Port Tampa Bay commissioners on Tuesday approved several lease expansions and extensions that could bring hundreds of millions in development to the port — all of it via facilities tied to the production and shipment of oil, phosphate and concrete.
Oil recycling company Puraglobe will triple the space it currently leases at Pendola Point, adding 25 contiguous acres to its existing 12.5-acre parcel. That would give it room to build two $100 million oil refineries alongside its current $35 million oil blending facility, which opened in 2020. Plans for the refineries are in the early stages, but they could bring as many as 150 jobs to the region, with the first facility open in 2024, according to the company.
With the new refineries, Puraglobe would aim to boost production of synthetic blend oil for shipment from Tampa to Latin America and eventually the Asian and Pacific markets.
“We’re putting all these pieces in place, and this is one of the first steps, is to get the plans so we can have the space to build and grow,” said Daane Reinking, managing director with Puraglobe USA.
The new lease will pay Port Tampa Bay $22 million over 20 years. The port also adjusted the terms of Puraglobe’s existing lease to better align with the new lease. That contract is currently worth $13 million.
The port also approved a site adjustment for its lease with building materials company Titan America, which wants to build a $20 million ready-mix concrete production facility on five of the 33 acres it leases on Hooker’s Point. The port, which had approved site permits for the facility in October, voted that the expansion posed no conflict to existing port operations.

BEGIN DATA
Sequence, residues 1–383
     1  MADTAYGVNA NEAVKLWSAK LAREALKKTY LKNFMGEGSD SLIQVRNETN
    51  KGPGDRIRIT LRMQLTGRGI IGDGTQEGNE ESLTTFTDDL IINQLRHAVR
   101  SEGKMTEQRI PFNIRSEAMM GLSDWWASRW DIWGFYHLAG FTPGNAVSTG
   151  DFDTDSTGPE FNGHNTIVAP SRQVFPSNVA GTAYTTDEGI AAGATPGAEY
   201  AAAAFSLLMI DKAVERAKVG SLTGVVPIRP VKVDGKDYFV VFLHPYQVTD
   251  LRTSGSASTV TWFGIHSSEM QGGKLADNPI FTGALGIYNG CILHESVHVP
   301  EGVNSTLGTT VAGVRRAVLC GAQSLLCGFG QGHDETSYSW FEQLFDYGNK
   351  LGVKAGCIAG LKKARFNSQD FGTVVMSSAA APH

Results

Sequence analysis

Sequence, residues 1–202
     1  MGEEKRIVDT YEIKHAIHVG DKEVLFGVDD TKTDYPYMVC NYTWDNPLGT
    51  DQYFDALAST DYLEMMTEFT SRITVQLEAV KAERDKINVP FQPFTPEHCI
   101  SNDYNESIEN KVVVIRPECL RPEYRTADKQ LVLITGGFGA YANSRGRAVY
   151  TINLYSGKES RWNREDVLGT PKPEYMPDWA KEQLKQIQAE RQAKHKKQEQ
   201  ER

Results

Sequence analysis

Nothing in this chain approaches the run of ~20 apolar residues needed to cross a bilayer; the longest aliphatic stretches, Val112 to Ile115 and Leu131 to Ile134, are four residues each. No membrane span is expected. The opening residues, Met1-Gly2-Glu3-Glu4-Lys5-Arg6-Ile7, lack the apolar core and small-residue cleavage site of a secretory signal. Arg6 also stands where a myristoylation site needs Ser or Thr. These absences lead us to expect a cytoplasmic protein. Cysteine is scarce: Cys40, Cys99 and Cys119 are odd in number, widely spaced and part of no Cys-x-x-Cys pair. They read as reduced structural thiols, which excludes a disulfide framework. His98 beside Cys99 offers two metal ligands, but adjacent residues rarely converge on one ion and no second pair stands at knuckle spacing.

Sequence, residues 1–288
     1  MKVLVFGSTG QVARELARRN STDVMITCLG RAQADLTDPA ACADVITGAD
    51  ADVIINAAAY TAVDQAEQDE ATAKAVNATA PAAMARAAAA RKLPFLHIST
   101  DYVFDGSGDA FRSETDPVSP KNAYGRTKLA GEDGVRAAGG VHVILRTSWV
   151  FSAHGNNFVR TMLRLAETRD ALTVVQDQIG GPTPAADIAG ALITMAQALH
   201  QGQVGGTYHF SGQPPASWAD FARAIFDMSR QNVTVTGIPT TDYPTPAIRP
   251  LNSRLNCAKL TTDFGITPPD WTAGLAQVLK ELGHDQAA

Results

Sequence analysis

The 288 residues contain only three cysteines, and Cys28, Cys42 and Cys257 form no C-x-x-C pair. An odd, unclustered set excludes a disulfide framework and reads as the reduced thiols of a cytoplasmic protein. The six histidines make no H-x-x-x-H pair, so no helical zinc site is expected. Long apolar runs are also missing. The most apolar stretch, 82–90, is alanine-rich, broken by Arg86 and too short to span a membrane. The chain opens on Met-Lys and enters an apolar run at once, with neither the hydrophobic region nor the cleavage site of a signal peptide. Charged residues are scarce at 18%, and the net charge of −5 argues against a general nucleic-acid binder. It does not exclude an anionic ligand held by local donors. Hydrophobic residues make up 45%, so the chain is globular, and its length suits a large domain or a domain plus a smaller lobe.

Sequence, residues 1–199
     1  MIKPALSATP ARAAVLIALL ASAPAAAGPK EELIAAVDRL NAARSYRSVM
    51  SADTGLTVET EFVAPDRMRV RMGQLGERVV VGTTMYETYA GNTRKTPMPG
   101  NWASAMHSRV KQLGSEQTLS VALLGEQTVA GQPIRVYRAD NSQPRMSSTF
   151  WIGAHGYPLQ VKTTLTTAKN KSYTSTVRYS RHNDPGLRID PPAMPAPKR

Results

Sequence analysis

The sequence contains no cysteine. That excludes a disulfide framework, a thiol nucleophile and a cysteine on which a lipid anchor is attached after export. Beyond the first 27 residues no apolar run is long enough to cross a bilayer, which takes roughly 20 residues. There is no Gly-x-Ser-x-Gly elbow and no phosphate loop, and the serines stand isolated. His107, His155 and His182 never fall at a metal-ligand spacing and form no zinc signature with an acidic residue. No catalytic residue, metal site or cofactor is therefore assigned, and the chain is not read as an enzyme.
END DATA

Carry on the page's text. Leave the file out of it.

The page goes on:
Finally, the port approved a rent hike for the Mosaic Co., one of Tampa Bay’s largest public companies, which has leased space there since 1972. The phosphate mining company will see its rent rise from around $1,300 per acre to $5,000 per acre in 2023 and 2024, increasing each year until it hits $25,000 per acre in 2026 and 2027. Rent would then be adjusted annually for the remainder of the 20-year-lease.
The port agreed to lease Mosaic an additional two acres and 18,000 square feet of warehouse space for the storage and operations of phosphate and fertilizer materials. The lease is for $230,000 through 2024 as Mosaic develops its long-term export strategy for those products. Eventually the company could build a bagging facility in the space.
“This has been a great facility for us,” said Brady Breaux, Mosaic’s senior director of warehousing and distribution. “It’s a strategic storage footprint here in the port that allows us to bring product from the plant to the port, and then make the decision whether that product goes to North America via the river system or gets exported globally.”
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Port commissioner Patrick Allman said all the proposed facilities, while years away, would have a significant impact on the local manufacturing economy.
“From my perspective, if you never exported a thing, just having a large number of manufacturing jobs in a state where there’s very little manufacturing is still good,” he said.